Surgeons remove this four-inch “devil horn” from man’s head

Surgeons have recently removed a “devil horn” from a farmers head in India and the horn is quite disturbing.

Shyam Lal Yadav, from Rahli village in Madhya Pradesh, said the creepy lump began to come out around five years ago after he bumped his head.

At first, he got his barber to cut it back but it began to get hard and continued growing which prompted the 74-year-old to seek medical assistance.

Image via SWNS

Neurosurgeons at Bhagyoday Tirth Hospital in Sagar city confirmed it was a sebaceous horn, or as it is slang term, devil’s horn.

The horn is made up of keratin which is found in nails and hair while the cause is not well understood. But it has been linked to exposure with radiation or sunlight.

After performing a CT scan, doctors found that the best course of action would be to cut it off with a razor.

Surgeon Dr. Vishal Gajbhiye said:

“Around five years ago the patient had hurt his head after which a lump started growing. Initially, he ignored it as it did not cause any discomfort. Also, he got the growth cut by the local barber.”

Image via SWNS

“But, when the lump hardened and started growing further, he approached the hospital at Sagar. In medical terms, this type of rare growth is called sebaceous horn (devil’s horn). As the horn is composed of keratin, the same material found in fingernails, the horn can usually be removed with a sterile razor.”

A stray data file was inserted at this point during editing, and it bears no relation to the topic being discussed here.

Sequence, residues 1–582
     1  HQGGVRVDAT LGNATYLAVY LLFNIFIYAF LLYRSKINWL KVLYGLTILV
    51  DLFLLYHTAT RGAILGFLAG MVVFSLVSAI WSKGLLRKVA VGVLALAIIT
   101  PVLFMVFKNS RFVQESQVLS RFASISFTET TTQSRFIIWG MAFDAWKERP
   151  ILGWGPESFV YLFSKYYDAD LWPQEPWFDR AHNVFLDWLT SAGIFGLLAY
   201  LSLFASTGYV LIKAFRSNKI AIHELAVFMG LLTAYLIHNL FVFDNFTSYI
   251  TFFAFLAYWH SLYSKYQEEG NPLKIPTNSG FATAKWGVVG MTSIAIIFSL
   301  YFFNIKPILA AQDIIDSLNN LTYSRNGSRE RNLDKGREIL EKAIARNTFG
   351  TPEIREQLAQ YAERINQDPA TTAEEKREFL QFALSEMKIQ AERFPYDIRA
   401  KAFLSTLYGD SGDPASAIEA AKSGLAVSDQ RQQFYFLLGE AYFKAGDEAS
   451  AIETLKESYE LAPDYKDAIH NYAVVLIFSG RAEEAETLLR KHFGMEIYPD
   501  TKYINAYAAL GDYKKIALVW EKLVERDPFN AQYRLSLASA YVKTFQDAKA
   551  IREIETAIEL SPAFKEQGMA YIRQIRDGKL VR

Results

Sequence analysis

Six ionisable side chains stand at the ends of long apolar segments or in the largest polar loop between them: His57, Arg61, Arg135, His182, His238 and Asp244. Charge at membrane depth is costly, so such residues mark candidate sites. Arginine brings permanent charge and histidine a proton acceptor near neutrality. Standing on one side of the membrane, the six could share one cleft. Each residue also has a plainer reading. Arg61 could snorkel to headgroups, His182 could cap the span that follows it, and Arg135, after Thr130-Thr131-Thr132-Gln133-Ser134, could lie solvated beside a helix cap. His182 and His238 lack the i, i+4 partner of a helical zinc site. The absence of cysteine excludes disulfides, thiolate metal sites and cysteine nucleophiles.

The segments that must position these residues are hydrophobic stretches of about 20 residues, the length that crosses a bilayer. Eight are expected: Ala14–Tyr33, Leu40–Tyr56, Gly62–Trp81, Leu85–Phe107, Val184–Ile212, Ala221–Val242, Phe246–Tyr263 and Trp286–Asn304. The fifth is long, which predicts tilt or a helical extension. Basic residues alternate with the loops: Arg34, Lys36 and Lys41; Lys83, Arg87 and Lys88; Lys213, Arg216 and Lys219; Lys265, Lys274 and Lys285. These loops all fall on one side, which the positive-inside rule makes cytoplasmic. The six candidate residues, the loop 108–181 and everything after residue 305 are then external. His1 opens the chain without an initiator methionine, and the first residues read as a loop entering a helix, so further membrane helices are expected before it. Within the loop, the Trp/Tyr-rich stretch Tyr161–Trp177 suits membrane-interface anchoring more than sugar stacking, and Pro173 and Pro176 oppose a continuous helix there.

But the removal of the horn wasn’t the end of the road for Mr. Yadav’s journey.

Image via SWNS

Dr Gajbhiye said:

“The underlying condition will still need to be treated. The sebaceous horns are predominantly benign lesions however the possibility of malignant potential should always be kept in mind. Treatments vary, but they can include surgery, radiation therapy, and chemotherapy. Immediately after its removal, skin was grafted on the wound which has now healed completely.”

Mr. Yadav then spent 10 days in the hospital after being de-horned as well as sent off with a biopsy of the growth confirmed as harmless.

Mr. Yadav’s case has since been submitted to the International Journal of Surgery.